April 2010

“A person with a new idea is a crank until the idea succeeds.”
– Mark Twain

April 21, 2010 marks the Centennial of Mark Twain’s passing and provides the residents of Connecticut with a great opportunity to showcase and celebrate Twain’s life in Connecticut and encourage a re-awakening of interest in Twain related research and tourism here in Connecticut.

For the past year, we have been uncovering Connecticut towns/cities connected with Mark Twain to celebrate his life and promote future tourism in Connecticut.

Our project involves online and offline exhibits designed to increase awareness of Mark Twain’s time in Connecticut by showcasing the people and places connected to him across the State. This project is timed to celebrate the 100th Anniversary of his passing in 2010.

Project Prototype. We’re using Illinois’ Looking for Lincoln Heritage Coalition as prototype, especially in the brochure aspect of the project.

To-date, one town – Norwalk, Connecticut – has embraced the concept and showcased their local connection with Mark Twain…I cannot tell you how thrilled I am about that and hope that the trend continues across the State.

The specific problem our offline Twain Connections exhibits address is the dismal funding environment our local libraries, museums, and historical societies are facing in the current economic downturn. Connecticut has allotted $1 for state tourism marketing in 2010. Our offline exhibits provide a means for Connecticut’s libraries, museums, and historical societies to not only increase foot traffic to their buildings, via this historic Twain Centennial, but to also showcase their own offerings and talents to an audience they may otherwise have missed. This is important as the ultimate goal of this project is to make Connecticut a destination for Mark Twain tourism and research in the future. We feel that merging information about Twain with information about the “Friends of Twain” in the many towns and cities that have a Twain Connection is a great way to promote town pride and Connecticut tourism in the future.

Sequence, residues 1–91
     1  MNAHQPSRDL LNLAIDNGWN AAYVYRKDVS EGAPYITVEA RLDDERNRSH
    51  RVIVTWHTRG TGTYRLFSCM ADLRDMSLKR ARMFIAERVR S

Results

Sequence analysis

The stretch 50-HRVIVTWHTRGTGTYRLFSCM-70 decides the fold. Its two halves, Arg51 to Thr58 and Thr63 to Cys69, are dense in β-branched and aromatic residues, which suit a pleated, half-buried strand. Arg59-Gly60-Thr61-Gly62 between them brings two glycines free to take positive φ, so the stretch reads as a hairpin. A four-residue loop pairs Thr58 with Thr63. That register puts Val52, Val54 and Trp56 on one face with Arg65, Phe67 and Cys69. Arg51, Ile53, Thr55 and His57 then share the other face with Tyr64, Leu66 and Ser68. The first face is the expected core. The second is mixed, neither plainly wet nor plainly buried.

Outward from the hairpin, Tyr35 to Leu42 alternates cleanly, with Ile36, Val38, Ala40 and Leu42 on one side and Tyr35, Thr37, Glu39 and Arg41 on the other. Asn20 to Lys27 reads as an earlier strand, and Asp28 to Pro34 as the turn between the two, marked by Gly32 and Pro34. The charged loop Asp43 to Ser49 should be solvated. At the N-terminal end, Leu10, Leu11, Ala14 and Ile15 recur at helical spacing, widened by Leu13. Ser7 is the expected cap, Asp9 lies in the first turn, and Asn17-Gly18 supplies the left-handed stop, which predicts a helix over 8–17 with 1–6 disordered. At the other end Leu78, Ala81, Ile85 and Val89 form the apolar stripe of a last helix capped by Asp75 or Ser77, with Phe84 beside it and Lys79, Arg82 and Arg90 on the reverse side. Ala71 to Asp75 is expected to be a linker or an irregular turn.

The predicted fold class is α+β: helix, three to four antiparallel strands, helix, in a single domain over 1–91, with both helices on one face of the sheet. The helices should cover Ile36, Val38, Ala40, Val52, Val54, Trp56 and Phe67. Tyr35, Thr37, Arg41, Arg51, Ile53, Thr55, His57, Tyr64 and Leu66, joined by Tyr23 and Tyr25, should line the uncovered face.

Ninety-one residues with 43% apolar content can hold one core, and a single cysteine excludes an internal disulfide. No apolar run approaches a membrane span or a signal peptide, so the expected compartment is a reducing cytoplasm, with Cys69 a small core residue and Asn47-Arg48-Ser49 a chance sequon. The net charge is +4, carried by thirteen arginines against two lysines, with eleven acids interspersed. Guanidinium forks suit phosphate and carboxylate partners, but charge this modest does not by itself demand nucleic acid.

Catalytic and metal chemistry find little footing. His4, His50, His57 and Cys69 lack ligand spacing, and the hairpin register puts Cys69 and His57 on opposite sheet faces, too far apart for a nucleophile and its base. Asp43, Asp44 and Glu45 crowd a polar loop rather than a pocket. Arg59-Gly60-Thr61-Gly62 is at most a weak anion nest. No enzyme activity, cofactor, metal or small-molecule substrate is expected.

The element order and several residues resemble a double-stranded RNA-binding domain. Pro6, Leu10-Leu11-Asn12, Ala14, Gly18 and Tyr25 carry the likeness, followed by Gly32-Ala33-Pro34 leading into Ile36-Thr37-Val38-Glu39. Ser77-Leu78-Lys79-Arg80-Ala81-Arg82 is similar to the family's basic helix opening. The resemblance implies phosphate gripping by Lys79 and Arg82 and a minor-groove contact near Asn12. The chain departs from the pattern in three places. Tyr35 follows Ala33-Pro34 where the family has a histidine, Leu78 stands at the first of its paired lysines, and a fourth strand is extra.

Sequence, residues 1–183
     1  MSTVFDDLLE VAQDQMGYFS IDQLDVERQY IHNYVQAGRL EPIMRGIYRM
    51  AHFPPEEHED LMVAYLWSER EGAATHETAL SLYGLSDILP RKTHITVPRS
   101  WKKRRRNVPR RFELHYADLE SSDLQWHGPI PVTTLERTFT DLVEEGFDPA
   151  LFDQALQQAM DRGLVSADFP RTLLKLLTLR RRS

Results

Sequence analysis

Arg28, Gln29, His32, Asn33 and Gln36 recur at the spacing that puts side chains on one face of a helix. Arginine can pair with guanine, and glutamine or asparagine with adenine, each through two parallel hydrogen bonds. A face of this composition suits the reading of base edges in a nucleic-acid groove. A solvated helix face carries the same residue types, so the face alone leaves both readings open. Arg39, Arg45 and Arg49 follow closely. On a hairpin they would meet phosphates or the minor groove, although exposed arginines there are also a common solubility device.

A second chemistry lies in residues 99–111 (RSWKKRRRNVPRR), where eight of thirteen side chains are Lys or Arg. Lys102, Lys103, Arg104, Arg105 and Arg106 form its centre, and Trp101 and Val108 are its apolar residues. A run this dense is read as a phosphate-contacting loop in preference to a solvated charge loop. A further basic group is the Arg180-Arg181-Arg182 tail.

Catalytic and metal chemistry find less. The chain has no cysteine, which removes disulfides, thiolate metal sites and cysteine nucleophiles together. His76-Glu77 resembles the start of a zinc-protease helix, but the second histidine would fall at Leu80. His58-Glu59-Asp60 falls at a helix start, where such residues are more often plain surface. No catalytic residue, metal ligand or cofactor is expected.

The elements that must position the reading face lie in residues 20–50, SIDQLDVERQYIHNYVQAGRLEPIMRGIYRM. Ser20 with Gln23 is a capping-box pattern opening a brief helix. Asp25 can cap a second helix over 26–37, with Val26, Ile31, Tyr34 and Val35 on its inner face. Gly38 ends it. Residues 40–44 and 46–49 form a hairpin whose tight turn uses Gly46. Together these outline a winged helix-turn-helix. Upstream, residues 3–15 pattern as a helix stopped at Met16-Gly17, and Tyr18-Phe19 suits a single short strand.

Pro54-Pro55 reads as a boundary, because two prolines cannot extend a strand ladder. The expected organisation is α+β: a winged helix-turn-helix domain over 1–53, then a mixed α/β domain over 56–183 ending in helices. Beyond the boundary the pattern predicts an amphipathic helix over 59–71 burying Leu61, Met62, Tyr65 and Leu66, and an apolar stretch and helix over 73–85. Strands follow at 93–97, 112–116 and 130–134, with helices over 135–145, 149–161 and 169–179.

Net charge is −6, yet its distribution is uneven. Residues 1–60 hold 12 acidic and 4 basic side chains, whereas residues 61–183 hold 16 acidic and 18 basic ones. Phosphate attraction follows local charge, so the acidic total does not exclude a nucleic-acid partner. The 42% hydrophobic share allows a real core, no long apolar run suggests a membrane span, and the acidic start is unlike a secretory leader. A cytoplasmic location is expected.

Bridgeport’s P.T. Barnum Museum would be a perfect example of a museum that would benefit from this “friends of Twain” marketing concept, another is Keeler Tavern in Ridgefield. In the present day people visit Keeler Tavern to learn about a colonial tavern. We hope in the future they’ll visit to learn more about Architect Cass Gilbert and his friendship with Mark Twain. By simply collaborating with us to provide the public with a location specific exhibit that sheds light not only on Twain but their local individual as well, these historic and cultural museums/centers can expand their audience and attract future visitors.

To date we have made connections in 56 towns here in Connecticut.

Full story about our efforts are posted here: http://www.marktwainlibrary.org/centennial/


Sunset Hill in the 1910's

Luttgen House and Gardens

Huntington Park Pond

Huntington Park Pond

Dam construction

Yep…you guessed it. This is what Huntington State Park used to look like, even before the Huntington’s owned it.